Saudi authorities quickly dispersed a protest by hundreds of Syrian pilgrims calling for the fall of Syrian President Bashar al-Assad and denouncing what they said was international failure to stop bloodshed in Syria, a Reuters witness said.
Protesters held up rebel flags and marched toward the Jamarat Bridge in Mina, east of the Saudi Arabian city of Mecca, where more than 3 million Muslim pilgrims congregated for the annual hajj.
No one was hurt when two police vehicles drove slowly in the direction of the protesters with the sirens on as the officers asked the crowd through loudspeakers to leave the area. The protesters swiftly dispersed and merged with thousands of other pilgrims in the area, the witness said.
Saudi officials made it clear in recent days that they want a politics-free pilgrimage and urged pilgrims to focus on performing the rituals.
The hajj pilgrimage is one of the Muslim faith's so-called five pillars and a religious duty for all Muslims that must be carried out at least once in their lifetime if they are capable. It started on Wednesday and ends on Tuesday.
This year's hajj took place against a backdrop of divisions among Muslims, with Shia Iran and US-allied Sunni countries such as Saudi Arabia, Turkey and Qatar backing opposing sides in Syria's civil war.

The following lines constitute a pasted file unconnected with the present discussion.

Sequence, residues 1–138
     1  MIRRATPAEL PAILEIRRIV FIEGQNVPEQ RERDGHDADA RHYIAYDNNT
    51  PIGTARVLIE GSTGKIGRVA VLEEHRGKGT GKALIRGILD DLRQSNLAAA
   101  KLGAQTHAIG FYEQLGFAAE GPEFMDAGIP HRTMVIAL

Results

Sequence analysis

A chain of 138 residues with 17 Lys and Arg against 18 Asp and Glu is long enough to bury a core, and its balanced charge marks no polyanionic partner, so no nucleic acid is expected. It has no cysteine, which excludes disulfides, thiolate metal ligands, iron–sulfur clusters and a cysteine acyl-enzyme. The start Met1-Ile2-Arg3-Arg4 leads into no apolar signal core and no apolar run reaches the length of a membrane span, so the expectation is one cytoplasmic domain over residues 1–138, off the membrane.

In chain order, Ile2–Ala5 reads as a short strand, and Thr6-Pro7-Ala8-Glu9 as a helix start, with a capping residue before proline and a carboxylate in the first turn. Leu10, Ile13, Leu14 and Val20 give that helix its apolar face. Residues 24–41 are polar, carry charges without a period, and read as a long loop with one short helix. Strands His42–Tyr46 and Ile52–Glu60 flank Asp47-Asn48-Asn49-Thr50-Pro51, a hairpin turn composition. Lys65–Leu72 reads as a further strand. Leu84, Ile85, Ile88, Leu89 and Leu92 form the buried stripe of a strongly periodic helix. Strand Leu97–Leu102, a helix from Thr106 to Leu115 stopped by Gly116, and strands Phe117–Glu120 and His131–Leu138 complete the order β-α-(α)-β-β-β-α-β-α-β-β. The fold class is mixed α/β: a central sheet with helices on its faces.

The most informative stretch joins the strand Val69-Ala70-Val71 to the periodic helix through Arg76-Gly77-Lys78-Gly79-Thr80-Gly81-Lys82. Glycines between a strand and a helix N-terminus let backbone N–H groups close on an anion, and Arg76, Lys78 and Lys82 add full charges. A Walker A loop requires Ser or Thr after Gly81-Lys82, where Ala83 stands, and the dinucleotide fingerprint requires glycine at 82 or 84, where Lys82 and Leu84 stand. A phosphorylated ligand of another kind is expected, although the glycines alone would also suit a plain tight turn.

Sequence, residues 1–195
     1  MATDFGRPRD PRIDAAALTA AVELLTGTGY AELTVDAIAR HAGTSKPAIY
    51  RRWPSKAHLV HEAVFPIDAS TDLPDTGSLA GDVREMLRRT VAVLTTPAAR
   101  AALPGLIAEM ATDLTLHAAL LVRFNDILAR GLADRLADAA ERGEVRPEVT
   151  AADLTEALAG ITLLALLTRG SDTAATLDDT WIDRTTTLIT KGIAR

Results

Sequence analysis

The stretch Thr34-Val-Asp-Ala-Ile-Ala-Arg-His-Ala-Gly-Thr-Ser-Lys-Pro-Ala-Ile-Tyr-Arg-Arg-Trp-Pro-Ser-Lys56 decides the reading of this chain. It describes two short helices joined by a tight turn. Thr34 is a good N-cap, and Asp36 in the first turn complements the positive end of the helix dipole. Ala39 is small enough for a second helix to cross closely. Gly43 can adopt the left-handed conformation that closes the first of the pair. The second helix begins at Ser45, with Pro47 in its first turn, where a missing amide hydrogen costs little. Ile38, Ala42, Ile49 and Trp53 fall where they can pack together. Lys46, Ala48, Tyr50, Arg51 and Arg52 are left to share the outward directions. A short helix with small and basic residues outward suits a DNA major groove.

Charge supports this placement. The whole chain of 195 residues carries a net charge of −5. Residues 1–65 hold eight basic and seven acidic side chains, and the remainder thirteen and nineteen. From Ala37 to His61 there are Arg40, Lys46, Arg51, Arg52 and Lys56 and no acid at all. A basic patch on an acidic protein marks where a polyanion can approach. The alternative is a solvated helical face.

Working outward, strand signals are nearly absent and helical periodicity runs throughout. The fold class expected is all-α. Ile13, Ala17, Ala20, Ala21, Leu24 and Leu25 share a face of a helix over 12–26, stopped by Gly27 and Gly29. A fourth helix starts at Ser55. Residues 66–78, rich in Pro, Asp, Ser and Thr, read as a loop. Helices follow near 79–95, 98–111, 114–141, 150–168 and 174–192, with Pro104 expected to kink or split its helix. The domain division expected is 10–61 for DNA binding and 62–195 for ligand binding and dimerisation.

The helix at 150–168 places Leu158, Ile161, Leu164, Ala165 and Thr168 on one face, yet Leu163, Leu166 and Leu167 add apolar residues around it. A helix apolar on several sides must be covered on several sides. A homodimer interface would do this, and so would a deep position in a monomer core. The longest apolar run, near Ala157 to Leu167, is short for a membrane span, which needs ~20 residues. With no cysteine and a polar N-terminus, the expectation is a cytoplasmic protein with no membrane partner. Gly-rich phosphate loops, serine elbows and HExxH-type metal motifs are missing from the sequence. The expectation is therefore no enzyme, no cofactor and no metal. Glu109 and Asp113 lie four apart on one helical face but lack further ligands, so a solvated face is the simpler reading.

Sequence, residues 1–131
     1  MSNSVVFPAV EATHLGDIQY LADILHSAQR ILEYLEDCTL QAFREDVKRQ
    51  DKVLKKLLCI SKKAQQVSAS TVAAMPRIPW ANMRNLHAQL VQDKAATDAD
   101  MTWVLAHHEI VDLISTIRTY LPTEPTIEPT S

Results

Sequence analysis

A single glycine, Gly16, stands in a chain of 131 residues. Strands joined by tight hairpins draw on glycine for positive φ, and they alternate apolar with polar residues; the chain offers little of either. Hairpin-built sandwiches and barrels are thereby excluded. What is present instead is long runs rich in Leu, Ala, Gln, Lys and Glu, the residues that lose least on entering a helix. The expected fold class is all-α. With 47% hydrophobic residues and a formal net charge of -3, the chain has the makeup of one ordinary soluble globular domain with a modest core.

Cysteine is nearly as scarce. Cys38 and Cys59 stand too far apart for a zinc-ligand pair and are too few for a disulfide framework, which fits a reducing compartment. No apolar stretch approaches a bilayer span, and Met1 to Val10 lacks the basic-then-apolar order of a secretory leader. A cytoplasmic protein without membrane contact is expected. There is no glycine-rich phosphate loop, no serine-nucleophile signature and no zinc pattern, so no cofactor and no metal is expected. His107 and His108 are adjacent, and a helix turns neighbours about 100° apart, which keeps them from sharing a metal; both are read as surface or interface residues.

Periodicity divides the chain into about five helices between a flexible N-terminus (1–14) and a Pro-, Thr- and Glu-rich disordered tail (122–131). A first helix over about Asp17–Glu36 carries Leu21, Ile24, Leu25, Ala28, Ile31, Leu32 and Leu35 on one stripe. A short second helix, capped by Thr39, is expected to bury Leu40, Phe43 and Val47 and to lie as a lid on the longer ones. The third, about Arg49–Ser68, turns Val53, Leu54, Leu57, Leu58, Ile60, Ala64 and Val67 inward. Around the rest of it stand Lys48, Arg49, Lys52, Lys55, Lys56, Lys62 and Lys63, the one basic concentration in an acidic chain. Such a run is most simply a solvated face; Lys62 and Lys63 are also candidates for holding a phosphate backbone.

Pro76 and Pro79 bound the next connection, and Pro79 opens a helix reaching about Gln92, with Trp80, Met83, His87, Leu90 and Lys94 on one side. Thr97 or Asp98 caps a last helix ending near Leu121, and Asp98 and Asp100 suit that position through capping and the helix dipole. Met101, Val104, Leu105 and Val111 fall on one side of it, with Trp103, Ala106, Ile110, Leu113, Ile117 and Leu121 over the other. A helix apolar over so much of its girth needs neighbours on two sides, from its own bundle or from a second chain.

Saudi Arabia has led Arab efforts to isolate President Bashar al-Assad's government and has supported the rebels with money and logistics.
At the protest, dozens of security guards already deployed in the area stood by without interfering.
"Syria lives forever despite of you Assad," the protesters shouted as the streamed by a giant wall at Jamarat Bridge used for the ritual stoning of the devil, one of the main rites of the hajj.
Another slogan went: "We don't want Bashar, all Syrians raise your arms up!"
The Syrian crisis also was evident at Mount Arafat, scene for the hajj's main rites, on Thursday when some Syrians held up rebel flags despite a call by Saudi Arabia's grand mufti to avoid raising national and factional slogans.
"We want to make our voices heard because no one seems to listen to us," a man identified as Sabri, 27, a Syrian who lives in Saudi Arabia, said as he held up the rebels' black, white and green flag.
"This is not a political protest. It's more of a humanitarian demonstration because the Syrian question has become a humanitarian one."
The imam of Mecca's Grand Mosque called on Arabs and Muslims on Friday to take "practical and urgent" steps to stop bloodshed in Syria, which has killed some 30,000 people, and urged world states to assume their moral responsibility toward the conflict.
Saudi Arabia has instructed its embassies to issue hajj permits for Syrian refugees in Jordan, Lebanon and Turkey, but most of the Syrians who made it to Mecca were those who live in the Gulf Arab region.